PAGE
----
Schoolcraft football coach Nathan Ferency said his team has been “rolling with the punches.
“These guys don’t care where it’s at; they just want to play football. We’re all taking care of each other. What a great place to be when everybody works together.”
When Jake Bailey heard the team would be playing at Vicksburg, “That got me excited,” the junior offensive tackle said. “They’ve got a really nice facility. I know the school will come out to support us no matter where we are, but it’s definitely different.
“Good thing we don’t play Vicksburg, although it would be fun because it would be both our home fields. The new facilities and being back at our home field at Roy Davis (Field next year) will be really fun.”
Vicksburg is Division 4, while Schoolcraft is Division 7.
The soccer team was “just being a team player” in giving up its own field for football practice, second-year head coach Jeremy Mutchler said.
“For the soccer team to be a team player and get behind the football team will help the community get behind the soccer team as well,” he added.
The biggest drawback is that part of the current field includes a piece of the baseball infield.
“The only odd thing is it is a smaller field, still regulation size, but smaller,” Mutchler said. “Part of the field is in the diamond, so we have to play in the dirt and it gets tricky, especially when you’re trying to throw it in or just play down the line.”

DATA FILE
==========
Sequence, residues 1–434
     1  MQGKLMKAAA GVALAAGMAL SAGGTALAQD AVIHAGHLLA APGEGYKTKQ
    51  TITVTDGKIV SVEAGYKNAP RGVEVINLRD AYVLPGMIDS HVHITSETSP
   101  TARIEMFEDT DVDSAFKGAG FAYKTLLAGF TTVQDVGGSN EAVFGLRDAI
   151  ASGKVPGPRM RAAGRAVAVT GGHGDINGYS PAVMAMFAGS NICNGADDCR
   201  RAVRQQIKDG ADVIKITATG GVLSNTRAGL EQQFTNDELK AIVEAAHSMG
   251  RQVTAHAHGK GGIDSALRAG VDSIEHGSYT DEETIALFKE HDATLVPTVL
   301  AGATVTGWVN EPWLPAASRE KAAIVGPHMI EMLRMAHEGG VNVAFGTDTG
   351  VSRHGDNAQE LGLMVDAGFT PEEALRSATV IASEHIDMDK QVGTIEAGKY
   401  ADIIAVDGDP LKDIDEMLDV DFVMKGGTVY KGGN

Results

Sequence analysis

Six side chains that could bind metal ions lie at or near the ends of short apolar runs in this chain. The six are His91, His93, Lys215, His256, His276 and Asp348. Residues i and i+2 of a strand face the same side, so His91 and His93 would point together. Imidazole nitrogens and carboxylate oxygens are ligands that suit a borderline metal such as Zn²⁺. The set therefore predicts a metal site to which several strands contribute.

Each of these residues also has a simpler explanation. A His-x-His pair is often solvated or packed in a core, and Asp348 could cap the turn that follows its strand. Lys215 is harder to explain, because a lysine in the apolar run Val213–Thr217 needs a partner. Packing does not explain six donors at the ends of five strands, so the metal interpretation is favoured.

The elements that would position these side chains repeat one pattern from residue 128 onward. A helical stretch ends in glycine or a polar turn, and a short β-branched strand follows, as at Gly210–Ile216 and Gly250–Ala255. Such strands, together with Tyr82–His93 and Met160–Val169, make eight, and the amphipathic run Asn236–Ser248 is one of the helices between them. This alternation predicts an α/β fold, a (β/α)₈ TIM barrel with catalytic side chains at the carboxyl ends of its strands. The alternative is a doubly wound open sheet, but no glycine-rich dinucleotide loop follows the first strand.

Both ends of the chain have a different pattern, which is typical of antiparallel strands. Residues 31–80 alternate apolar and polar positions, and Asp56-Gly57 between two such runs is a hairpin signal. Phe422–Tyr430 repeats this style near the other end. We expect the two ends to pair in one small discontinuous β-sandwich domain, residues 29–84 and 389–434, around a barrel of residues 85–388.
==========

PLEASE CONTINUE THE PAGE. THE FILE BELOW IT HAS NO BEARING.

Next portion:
The move has cost the team a few home games.
“At the beginning of the year, we allowed schools, if they didn’t want to play here, we would go to their house,” Mutchler said. “We had to go to a few schools we would have played at home.”
Maintenance supervisor Eric McGehee was instrumental in preparing the field.
“He laid out exactly the parameters, so I was able to send that to all the ADs that were going to visit to give them an opportunity to decide whether that’s something they wanted to help us out for our home games,” Applin said. “A lot of schools were more than willing to come and play us to give our boys some home games. A couple wanted to be cautious and play on a more traditional surface, and we were able to make those arrangements as well.”
In only its second year as a varsity sport, the boys soccer team is still finding its identity, posting a 2-5 record so far.